The Federal Court confirmed that there is no need to register those subsequent documents which merely extend the term of validity of an agreement which has already been registered with the Argentine Trademarks Office, as long as they do not incorporate other technologies or other intellectual property rights.
In a recent decision from Division III of the Federal Court of Appeals in Administrative Matters, (in re: "Sodexho Pass S.A. c/EN-ÍNP I-Resol. 24/08 – Disp. 3/07 y 193/06", Case No. 7457/08) in which the obligation to register subsequent documents which merely extended the term of validity of an agreement which has already been registered with the Argentine Trademarks Office (INPI) was discussed, the Court held that it only required registration of new agreements or those documents which incorporate other technologies or the license of other intellectual property rights under the terms of the Transfer of Technology Law 22,426.
The Transfer of Technology Law No. 22,426 establishes the legal regime applicable to burdensome agreements that provide for technology transfer or licensing of trademarks, patents, or other intellectual property rights, executed between resident and non-resident companies, interrelated or not, by which the non-resident company transfers technology or licenses an intellectual property right to the resident company.
The Transfer of Technology Law requires the registration of these agreements before INPI in order to establish and analyze the flows of technology transfer. No sanction exists for non-compliance with this requirement. The registration has no effect with regards to the enforceability of the agreement, but the recording of the agreement may be advantageous for several reasons such as tax benefits.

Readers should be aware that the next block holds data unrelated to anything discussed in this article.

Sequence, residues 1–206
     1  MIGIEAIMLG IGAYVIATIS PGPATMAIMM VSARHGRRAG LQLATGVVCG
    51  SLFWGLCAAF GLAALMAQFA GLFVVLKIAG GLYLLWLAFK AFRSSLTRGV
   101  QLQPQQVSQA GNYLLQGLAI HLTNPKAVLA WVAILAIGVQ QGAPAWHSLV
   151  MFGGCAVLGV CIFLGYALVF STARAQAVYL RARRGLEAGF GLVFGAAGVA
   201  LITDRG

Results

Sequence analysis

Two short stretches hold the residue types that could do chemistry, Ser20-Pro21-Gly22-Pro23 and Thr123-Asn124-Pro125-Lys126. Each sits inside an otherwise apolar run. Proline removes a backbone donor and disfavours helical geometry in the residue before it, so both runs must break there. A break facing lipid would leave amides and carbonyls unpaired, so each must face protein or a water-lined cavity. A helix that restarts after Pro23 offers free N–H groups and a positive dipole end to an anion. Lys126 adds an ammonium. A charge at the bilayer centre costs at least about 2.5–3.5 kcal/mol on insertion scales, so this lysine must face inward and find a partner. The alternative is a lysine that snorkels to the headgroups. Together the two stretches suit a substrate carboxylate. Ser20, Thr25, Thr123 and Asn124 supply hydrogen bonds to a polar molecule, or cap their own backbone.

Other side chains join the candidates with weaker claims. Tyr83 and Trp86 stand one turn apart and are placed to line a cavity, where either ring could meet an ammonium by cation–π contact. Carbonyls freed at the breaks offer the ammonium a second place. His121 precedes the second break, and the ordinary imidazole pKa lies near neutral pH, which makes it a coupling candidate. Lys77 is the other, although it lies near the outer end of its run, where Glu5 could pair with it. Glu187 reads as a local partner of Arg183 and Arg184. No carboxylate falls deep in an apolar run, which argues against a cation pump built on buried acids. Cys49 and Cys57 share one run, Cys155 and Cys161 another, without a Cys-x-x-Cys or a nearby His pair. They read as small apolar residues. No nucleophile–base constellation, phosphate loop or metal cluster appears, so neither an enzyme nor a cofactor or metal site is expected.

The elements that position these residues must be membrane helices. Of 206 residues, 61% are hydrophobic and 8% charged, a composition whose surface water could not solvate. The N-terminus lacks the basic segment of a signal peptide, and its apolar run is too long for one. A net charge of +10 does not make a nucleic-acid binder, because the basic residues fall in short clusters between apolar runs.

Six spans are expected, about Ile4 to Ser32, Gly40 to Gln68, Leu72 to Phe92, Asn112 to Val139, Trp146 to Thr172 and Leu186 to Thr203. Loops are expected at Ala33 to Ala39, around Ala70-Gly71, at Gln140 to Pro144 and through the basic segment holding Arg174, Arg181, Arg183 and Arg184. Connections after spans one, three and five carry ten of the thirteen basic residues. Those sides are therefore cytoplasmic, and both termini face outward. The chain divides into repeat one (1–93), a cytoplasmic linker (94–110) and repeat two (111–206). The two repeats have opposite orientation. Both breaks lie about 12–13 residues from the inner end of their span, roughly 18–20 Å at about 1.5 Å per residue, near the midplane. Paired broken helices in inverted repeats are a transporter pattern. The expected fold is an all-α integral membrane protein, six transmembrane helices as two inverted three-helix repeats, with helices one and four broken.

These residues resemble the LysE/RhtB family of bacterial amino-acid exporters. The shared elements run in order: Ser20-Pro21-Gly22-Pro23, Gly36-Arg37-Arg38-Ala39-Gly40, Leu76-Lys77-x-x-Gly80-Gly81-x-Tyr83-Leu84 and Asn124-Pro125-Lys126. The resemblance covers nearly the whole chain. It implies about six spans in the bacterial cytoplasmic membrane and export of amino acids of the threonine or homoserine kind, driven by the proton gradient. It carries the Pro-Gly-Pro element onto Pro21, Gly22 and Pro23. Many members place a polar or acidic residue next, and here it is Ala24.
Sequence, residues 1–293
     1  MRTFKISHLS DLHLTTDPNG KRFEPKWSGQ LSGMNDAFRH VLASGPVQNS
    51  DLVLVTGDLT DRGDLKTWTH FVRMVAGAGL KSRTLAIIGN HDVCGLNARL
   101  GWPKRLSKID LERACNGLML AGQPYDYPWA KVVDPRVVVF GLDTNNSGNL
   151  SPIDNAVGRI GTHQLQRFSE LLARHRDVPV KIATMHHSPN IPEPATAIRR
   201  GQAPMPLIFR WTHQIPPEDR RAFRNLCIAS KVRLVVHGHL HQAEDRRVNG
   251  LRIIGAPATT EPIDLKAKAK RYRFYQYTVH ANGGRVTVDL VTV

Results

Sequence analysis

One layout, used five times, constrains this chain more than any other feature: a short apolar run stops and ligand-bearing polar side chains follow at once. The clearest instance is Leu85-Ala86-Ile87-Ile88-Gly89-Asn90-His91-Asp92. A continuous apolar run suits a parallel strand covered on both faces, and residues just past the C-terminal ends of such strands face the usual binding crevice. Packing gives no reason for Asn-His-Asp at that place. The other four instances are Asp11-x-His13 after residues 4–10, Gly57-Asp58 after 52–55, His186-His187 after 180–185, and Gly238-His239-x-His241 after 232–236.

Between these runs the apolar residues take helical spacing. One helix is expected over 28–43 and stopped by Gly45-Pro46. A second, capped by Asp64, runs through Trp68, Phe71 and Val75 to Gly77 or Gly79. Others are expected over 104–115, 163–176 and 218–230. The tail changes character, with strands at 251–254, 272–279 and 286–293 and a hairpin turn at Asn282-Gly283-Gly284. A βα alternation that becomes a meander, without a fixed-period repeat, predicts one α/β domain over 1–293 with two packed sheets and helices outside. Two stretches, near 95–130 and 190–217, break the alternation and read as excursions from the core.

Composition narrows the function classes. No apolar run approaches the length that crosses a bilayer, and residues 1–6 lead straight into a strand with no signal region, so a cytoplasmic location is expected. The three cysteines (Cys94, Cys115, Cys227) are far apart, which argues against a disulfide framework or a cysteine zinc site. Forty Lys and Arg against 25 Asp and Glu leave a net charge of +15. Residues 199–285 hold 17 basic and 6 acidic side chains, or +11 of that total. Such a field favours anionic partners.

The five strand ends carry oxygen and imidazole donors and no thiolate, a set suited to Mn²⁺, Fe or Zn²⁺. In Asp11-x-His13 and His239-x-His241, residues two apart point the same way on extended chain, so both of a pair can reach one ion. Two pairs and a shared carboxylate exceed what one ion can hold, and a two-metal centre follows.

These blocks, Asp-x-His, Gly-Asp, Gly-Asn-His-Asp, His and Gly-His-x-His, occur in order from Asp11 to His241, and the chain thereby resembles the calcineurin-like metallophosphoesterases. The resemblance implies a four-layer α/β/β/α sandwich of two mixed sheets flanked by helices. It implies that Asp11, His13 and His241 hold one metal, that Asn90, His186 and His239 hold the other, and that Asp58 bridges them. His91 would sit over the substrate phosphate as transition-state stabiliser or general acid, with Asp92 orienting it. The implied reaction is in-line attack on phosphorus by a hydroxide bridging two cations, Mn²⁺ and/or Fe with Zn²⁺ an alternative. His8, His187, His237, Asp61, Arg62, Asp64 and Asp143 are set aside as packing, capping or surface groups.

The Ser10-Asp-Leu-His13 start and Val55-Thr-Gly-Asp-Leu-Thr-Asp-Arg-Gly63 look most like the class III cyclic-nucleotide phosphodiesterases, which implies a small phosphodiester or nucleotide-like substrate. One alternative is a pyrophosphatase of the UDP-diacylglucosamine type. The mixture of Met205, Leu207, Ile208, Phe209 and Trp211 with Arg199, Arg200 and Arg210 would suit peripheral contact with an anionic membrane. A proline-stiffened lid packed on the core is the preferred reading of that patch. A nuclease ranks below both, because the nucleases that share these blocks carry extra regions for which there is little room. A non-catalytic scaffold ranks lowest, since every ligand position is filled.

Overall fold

In October 2005 INPI issued Resolution P328/05 that restricted the registration of these agreements. Particularly, article 2 of Annex 1 of Resolution P328/05 provides that agreements may not be filed for recordal after the term established in the agreement has expired.
The facts of the case are as follows.
In October 2003 Sodexho Pass S.A. ("Sodexho") entered into a trademark license agreement with Sodexho Pass International, agreeing to a term of validity of one year, with automatic annual renewals. In November 2003 Sodexho filed the agreement with INPI and requested the issuance of a tax certificate, which was issued for the period October 2003 – August 2004.
A few years later, in May 22, 2006, Sodexho requested the enlargement of the prior tax certificate for the period September 2004 - September 2008. INPI issued a new certificate but limited its effect to the period September 2005 - September 2006, considering that -under the terms of article 2 of Resolution P358/05- the period September 2004 - September 2005 had expired prior to the filing of this new petition. INPI did not make any reference to the period September 2006 - September 2008.
In turn, Sodexho counter-argued that the agreement had never lapsed as it had been automatically renewed every year. INPI maintained its criteria.
In these circumstances, Sodexho sued INPI and requested the Court to order INPI to issue a new tax certificate including the period September 2004 - September 2008.
Both the trial court and Division III of the Court of Appeals accepted Sodexho's claim.
The Court of Appeals also stated that the Transfer of Technology Law only requires registration of those agreements or documents which incorporate other technologies or the license of other trademarks, in which case a new transfer of technology agreement would exist.
In connection to that, the Court of Appeals added that INPI could not ignore that Sodexho filed an extension of the agreement which did not modify the substance of the original as it provided merely for an extension of its term and that such circumstance is not a valid ground for INPI to refuse the issuance of a tax certificate.
This decision is important since the Federal Court of Appeals sets out that there is no need to register those documents which merely extend the term of validity of a previous agreement which has been recorded before INPI. At the same time, it makes it clear that INPI cannot refuse to issue a tax certificate -in those cases in which the agreement set forth automatic annual renewals and the term is still in force at the time of the filing- arguing that certain periods of the term had lapsed before the extension of the agreement was filed for registration.
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